What This Is

It’s a blank word processor document, that rhythmically winking line coaxing you to start something new.

It’s the peeling paint on the garage from no primer, the peeling skin on your feet from no shoes.

It’s laying in your driveway with nothing to do.

It’s your first concussion, your first stitches, breaks, bruises.

It’s watching Scooby Doo because you want to.

It’s hating your parents’ music.

It’s having faith in everything and everyone having faith in you.

It’s that rush of adrenaline after an inhaler puff before a basketball game.

It’s the first running nose of every winter and the first sunburn of every summer.

It’s counting on that.

It’s counting on every December and June and the jump and drop in between. The up and the down.  The Spring and the Fall.

It’s making a shiny new friend with everything in the world to talk about.

It’s every smell reminding you of something happy.

It’s looking at yourself in the mirror, really looking, and wondering when you got there. Or when you checked out.

It’s the feeling of a loose tooth, tender gum underneath, penny blood lining the border.

It’s elevators transforming from something fun and scary to just another adult placeholder. Here to there and nothing else.

It’s jokes wearing out and being forgotten, left in stale lockers and lunch boxes.

It’s being tired, really. Really tired.

It’s crying every time you hear a Garth Brooks song because you hear your dad. And your dad isn’t singing along.

It’s nobody ever reading these things and kind of liking it better that way.

It’s struggling to make conversation with old, dusty brick walls.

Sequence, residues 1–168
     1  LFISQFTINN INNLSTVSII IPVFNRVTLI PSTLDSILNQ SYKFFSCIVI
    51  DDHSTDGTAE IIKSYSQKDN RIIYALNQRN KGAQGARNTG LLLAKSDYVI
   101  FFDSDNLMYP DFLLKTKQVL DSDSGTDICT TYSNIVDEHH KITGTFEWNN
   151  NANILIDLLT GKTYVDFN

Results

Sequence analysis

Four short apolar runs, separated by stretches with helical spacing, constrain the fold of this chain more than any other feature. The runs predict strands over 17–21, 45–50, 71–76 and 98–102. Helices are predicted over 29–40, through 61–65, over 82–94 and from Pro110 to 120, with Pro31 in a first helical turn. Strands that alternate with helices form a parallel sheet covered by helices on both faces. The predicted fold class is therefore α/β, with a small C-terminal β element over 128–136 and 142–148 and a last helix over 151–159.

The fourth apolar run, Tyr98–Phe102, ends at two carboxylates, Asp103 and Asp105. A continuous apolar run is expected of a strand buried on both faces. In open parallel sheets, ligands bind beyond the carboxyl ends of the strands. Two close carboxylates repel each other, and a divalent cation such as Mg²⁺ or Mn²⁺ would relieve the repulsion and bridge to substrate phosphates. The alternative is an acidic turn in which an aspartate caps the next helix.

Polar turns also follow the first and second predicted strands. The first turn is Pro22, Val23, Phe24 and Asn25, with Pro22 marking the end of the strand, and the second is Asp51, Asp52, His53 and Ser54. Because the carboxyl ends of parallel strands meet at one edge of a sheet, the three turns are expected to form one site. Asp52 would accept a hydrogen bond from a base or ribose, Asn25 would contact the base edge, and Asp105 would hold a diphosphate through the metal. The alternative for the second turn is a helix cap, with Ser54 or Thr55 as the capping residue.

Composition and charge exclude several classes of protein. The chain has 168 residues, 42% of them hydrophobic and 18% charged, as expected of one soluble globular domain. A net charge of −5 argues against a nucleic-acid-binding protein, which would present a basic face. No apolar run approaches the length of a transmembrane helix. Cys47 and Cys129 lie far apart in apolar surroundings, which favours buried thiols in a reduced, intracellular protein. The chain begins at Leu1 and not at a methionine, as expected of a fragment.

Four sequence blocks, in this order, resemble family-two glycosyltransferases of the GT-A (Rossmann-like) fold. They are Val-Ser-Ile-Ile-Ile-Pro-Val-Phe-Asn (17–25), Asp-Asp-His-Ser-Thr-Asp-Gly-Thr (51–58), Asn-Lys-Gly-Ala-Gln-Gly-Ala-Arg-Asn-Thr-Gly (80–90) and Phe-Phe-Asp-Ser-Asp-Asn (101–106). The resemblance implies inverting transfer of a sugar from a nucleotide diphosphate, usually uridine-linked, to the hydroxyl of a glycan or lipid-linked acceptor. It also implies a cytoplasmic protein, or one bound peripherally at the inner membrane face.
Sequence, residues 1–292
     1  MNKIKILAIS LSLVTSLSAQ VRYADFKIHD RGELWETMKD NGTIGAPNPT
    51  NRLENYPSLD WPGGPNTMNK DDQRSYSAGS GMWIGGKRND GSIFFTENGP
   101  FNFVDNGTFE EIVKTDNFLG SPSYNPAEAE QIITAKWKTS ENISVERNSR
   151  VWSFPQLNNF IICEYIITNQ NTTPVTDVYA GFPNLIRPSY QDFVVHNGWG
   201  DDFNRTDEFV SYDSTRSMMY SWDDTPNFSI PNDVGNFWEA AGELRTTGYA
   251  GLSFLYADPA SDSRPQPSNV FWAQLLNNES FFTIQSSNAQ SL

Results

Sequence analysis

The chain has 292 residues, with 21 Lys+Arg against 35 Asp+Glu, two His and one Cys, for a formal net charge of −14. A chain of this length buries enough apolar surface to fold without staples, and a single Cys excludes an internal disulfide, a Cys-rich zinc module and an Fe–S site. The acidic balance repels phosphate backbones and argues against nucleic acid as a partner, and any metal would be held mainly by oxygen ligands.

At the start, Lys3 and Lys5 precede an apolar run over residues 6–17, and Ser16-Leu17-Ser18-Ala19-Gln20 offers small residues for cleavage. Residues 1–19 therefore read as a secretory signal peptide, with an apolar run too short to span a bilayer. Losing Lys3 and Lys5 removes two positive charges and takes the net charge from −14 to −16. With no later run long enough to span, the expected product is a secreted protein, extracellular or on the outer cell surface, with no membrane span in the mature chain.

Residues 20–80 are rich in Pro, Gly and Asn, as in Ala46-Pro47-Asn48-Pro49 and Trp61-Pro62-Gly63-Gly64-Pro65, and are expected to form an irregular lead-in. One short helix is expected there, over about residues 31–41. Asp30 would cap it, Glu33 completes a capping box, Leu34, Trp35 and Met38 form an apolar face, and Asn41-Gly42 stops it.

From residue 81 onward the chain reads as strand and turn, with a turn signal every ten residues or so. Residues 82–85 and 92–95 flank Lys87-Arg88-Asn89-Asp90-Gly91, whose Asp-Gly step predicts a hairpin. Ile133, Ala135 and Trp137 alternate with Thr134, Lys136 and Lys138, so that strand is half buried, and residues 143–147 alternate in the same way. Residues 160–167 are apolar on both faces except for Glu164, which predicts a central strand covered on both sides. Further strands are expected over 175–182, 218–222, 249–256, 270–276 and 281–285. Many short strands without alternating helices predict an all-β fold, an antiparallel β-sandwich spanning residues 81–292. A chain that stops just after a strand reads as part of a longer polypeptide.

It’s always having something to occupy your time.

It’s those old stitches and breaks and bruises turning into aches and pains and scars.

It’s watching Scooby Doo, not because you want to, but because you need to.

It’s every smell reminding you of something sad that once was happy. Or maybe it can be both but at the same time.

It’s all of the boundaries becoming misty and the fog rolling in.

It’s the realization of all of your teachers one day dying. The same with the mailman, the ice cream truck driver, Jack Nicholson, Wheel of Fortune.

It’s suddenly clear that you can identify with more than happy and sad. Blinding Anxiety. Throbbing hurt. Stifling Stress.

It’s a full word processor document.  Same rhythmically winking line, but the page is all dirty, no longer new. Covered in scattered words and thoughts.

It’s weaved with a kind of sticky sadness. It doesn’t end with hope, because hope is the idea that it will never end.

It’s saving your progress. Leaving it behind. Coming back to check on it once in a while.

It’s one day clicking the “new” button and being coaxed into that neat, white page. And it’s kind of feeling guilty about it at first.

It’s then that it is understood that you’ve probably done this before, filling up folders and folders of your dwellings.

It’s that rhythmically winking line telling you it’s okay to move on. TC mark

image – [F]oxymoron

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  • asdjf

    Thank you for:
    a) not writing about Halloween
    b) not using the term twenty-something
    c) not mentioning NYC
    d) not assuming anything about your audience

    • http://www.facebook.com/grc15r Gregory Costa

      Agreed.  I feel like each of those is mentioned twenty-something times a day.  Good job.

    • http://www.facebook.com/profile.php?id=1363230138 Michael Koh

      Thanks for mentioning all of those in your comment.

  • http://twitter.com/BeejMachine Beej Machine